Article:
Last week, Saudi Arabia almost certainly murdered Washington Post columnist Jamal Khashoggi. Asked about the apparent murder last night on Fox News, President Trump expressed the requisite disapproval he musters for events that do not anger him in any visceral way but which he is expected to condemn (“It would not be a positive. I would not be happy at all”). But when asked if the United States should retaliate by withholding future arms sales to Saudi Arabia, Trump immediately pumped the brakes.
“Well, I think that would be hurting us,” he said. “We have jobs, we have a lot of things happening in this country. We have a country that’s doing probably better economically than it’s ever done before. Part of that is what we’re doing with our defense systems, and everybody’s wanting ’em, and frankly I think that that would be a very, very tough pill to swallow for our country.”
Speaking with reporters in the Oval Office, Trump reiterated this position. After a pro forma statement that of course murdering journalists is bad, he repeatedly insisted he would never tolerate a reduction in arms sales to Saudi Arabia. In Trump’s telling, the Saudis have all the leverage, and could easily switch over to Russian or Chinese weapons, so the United States is lucky to be chosen for the honor of arming the kingdom.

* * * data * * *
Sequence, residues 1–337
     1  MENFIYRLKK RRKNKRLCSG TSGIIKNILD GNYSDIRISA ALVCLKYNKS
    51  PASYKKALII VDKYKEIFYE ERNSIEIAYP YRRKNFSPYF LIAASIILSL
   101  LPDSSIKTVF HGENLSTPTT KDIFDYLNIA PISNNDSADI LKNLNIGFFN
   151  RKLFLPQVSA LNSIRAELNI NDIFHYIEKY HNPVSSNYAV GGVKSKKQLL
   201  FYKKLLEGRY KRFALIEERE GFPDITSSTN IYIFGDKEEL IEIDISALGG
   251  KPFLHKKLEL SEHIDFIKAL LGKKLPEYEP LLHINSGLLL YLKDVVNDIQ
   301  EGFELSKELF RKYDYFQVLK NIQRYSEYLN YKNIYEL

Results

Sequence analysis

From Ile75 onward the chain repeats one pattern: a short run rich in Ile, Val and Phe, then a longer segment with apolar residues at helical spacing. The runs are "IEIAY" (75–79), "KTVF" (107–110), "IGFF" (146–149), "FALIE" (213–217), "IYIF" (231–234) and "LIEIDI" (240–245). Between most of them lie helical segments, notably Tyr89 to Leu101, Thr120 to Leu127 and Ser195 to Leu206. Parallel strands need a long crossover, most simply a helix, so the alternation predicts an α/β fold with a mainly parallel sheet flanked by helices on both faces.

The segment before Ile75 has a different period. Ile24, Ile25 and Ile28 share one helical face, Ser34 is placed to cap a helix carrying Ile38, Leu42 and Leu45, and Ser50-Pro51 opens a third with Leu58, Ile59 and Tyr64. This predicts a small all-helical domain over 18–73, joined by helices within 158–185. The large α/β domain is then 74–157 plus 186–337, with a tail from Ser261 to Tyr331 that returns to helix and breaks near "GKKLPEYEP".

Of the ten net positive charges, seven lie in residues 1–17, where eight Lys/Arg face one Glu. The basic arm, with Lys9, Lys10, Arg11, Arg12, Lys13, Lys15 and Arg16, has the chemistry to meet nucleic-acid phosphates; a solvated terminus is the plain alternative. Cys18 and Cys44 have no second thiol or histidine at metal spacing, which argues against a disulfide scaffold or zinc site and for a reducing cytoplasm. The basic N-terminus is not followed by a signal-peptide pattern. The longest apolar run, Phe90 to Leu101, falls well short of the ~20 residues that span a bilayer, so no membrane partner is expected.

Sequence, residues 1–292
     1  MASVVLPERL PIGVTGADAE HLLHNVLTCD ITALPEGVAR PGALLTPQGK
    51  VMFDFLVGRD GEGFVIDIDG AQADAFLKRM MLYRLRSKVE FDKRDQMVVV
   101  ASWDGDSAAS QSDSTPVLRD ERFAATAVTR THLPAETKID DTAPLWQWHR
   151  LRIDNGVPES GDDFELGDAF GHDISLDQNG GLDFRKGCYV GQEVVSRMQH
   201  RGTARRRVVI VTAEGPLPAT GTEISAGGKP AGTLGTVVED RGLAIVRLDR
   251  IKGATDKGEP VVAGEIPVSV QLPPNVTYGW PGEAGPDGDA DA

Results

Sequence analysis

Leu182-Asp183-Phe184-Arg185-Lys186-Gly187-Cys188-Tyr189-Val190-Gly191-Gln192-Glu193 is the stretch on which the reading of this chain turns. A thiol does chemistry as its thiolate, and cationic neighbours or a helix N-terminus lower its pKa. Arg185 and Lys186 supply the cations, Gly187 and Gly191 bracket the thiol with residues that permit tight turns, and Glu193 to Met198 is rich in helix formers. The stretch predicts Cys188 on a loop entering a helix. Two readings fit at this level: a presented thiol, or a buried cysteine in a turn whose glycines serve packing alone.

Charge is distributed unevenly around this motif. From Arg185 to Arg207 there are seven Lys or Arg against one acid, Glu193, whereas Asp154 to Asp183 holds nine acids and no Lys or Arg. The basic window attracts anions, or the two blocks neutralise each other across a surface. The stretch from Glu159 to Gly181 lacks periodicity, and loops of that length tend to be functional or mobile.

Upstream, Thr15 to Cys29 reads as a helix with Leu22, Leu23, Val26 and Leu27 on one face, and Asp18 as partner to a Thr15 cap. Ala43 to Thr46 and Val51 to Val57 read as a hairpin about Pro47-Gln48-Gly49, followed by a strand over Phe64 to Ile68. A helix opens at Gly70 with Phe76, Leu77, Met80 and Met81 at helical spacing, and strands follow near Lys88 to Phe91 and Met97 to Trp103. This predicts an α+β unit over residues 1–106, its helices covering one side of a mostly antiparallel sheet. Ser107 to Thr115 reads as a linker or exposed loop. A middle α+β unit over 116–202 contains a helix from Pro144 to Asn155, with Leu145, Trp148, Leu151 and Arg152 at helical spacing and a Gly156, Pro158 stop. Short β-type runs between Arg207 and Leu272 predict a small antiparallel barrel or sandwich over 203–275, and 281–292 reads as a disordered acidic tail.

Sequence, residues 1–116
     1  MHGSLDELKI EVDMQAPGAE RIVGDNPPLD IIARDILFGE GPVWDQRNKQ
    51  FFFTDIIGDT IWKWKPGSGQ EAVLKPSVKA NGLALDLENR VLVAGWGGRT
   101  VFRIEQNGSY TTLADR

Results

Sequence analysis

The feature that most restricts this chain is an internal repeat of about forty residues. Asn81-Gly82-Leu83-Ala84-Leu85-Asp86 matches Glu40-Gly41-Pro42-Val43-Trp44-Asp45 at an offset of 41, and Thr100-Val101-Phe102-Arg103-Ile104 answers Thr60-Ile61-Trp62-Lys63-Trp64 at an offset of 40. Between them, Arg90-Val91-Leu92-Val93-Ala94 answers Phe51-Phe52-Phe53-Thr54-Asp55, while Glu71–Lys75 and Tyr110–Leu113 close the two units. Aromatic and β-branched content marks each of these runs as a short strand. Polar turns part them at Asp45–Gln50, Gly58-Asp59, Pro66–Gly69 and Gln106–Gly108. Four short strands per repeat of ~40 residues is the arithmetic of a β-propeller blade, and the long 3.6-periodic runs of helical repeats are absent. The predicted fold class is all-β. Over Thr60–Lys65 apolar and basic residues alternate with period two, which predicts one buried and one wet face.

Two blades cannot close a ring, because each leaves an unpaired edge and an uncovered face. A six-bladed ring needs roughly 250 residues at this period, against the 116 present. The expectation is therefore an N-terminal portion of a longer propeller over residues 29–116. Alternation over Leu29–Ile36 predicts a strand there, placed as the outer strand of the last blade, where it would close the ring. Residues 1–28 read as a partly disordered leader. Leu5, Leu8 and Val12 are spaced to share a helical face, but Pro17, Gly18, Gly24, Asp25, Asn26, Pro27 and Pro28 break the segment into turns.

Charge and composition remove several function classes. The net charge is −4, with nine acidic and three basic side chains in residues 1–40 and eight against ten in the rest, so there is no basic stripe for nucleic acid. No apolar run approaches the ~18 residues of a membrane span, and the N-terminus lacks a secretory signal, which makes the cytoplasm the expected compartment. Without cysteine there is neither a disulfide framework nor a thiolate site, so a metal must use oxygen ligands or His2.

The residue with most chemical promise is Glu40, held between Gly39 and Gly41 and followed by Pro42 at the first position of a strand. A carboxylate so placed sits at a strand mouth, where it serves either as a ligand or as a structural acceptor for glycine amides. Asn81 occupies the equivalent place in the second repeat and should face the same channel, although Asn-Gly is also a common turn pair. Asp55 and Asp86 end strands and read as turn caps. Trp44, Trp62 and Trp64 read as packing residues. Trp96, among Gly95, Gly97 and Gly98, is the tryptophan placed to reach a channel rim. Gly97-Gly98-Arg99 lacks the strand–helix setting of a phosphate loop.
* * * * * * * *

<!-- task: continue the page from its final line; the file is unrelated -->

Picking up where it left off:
Normally these kinds of foreign policy questions come down to morality versus foreign policy interest. The case for punishing Saudi Arabia is that it is threatening liberal values and global freedom. There might be a realpolitik case for maintaining the alliance. But Trump is not arguing on the basis of either values or foreign policy interests. He’s saying we need the money from the arms sales. (Note, also, that Trump argues we can’t afford to lose the arms sales because the economy is doing well, a rationale that would work even better if the economy was doing poorly.)
So Trump’s case against punishing Saudi Arabia for murdering a journalist is that we can’t afford to reduce the profits our defense companies make from selling them weapons. And of course this is perfectly consistent with Trump’s conviction that American foreign policy should be run almost literally like a mafia family, using our strength to collect protection money from friends and running smash-and-grab operations to steal resources from weaker countries. The theory of American policy that Noam Chomsky intended as an indictment is Trump’s idea of a moral touchstone.
This post has been updated throughout.